Environmental study ordered on building site
The city board has ordered an environmentalstudy done before it accepts the remaining portion of amanufacturing site in Brookhaven.
At a called board meeting held Wednesday, aldermen approved DunganEngineering’s proposal to hire Environmental Management Services ofHattiesburg to conduct the study. The study will be conducted on aportion of the former Stahl-Urban manufacturing site at anestimated cost of $3,200.
“They’ll let us know if there’s any hazardous material on thesite,” said Mayor Les Bumgarner during the meeting.
The city owns the former manufacturing plant and one of twowarehouses located on either side of the plant. Aurthur Jeppe ownsthe second warehouse and wishes to donate the building to thecity.
The environmental study will not include the entire property, butbe limited to the building and surrounding grounds Jeppe owns andwishes to donate to the city.
In previous interviews, Bumgarner and City Attorney Joe Fernaldsaid the transfer was only pending an updated appraisal of theproperty. Both had expressed optimism the transfer could becompleted by the end of the year.
Those plans are now on hold.
Ryan Holmes, of Dungan Engineering, told the board Wednesday thestudy will not be completed until Jan. 6.
“This will probably only delay us a couple weeks,” Bumgarner saidwhen asked following the meeting about the date of thetransfer.
Holmes said phase one of the study will determine the past propertyuse, primarily through interviews with previous owners. Phase oneseeks to ensure no hazardous dumping occurred on the site andwhether underground tanks were ever used there.
If phase one indicates a clean bill of health, the study will becomplete. If potential problems are uncovered, the study will moveinto phase two, which involves soil and paint samples, Holmessaid.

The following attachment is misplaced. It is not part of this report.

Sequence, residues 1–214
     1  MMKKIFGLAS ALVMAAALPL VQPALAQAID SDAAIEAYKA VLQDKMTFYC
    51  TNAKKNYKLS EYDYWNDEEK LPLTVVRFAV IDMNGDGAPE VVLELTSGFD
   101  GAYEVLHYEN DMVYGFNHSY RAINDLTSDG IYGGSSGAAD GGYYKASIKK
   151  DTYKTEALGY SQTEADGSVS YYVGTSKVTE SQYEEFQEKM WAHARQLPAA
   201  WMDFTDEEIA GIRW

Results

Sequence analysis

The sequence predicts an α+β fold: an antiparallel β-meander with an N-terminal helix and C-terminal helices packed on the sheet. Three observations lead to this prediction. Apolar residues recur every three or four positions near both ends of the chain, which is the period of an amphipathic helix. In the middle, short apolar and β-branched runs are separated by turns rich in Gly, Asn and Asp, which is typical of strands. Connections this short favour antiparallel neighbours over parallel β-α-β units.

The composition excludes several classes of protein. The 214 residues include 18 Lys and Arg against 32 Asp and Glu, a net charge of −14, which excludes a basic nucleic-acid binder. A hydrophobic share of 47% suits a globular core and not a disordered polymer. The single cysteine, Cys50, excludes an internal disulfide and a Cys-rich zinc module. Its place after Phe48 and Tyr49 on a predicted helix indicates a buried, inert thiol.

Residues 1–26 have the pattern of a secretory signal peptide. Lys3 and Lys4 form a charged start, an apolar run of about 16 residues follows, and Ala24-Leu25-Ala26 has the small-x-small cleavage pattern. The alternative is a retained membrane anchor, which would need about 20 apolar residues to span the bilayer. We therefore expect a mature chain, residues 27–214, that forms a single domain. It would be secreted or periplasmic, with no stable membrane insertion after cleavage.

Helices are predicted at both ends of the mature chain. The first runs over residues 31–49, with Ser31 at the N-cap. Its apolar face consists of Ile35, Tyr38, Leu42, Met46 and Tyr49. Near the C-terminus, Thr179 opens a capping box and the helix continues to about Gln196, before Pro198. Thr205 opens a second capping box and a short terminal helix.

The presence of substances such as asbestos, chemicals or otherhazardous materials would be require a phase three: cleanup.
In a previous interview concerning the Stahl-Urban property,Fernald expressed concern about the possible presence of asbestoson the property.
Following Wednesday’s meeting, Holmes said locating past owners isthe most difficult part of phase one. The study will go as far backin the property history as possible, Holmes said.
When questioned about the possibility of a phase two during themeeting, Holmes said phase one leads to a phase two only about halfthe time.
Bumgarner said the decision to undertake a study was a recentone.
“We decided it would be best to protect the city,” Bumgarner said.”I was under the impression one was always going to be done.
The mayor does not foresee any problems.
“The history seems to be good,” Bumgarner said.
However, the presence of unforeseen hazardous materials might forcethe city to take a second look at the site, Bumgarner said.
“It may affect whether we accept the property,” Bumgarner said.
Following the meeting, Bumgarner said the cost of any necessarycleanup would determine whether the city accepted the property ifhazardous materials were found.
If the city does take control of the property, its future remainsundetermined. In a previous interview, Ward One Alderman Dorseysuggested the city barn could be partially moved to the Stahl-Urbansite, though city leaders have not officially stated a purpose forthe buildings and grounds.
Bert Carollo currently rents both the warehouse owned by the cityand the one owned by Jeppe.
In other business Wednesday, the board entered in executive sessionWednesday to discuss a personnel matter in the waterdepartment.
After entering back into open session, the board unanimously votedto terminate the employment of Kenneth Lloyd for cause. Officialsdid not elaborate on the termination issue.